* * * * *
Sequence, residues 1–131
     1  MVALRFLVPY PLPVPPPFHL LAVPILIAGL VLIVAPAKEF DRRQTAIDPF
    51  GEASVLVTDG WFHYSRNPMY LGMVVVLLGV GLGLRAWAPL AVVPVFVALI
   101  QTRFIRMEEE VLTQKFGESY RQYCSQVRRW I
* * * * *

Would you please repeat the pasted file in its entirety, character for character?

Sequence, residues 1–131
     1  MVALRFLVPY PLPVPPPFHL LAVPILIAGL VLIVAPAKEF DRRQTAIDPF
    51  GEASVLVTDG WFHYSRNPMY LGMVVVLLGV GLGLRAWAPL AVVPVFVALI
   101  QTRFIRMEEE VLTQKFGESY RQYCSQVRRW I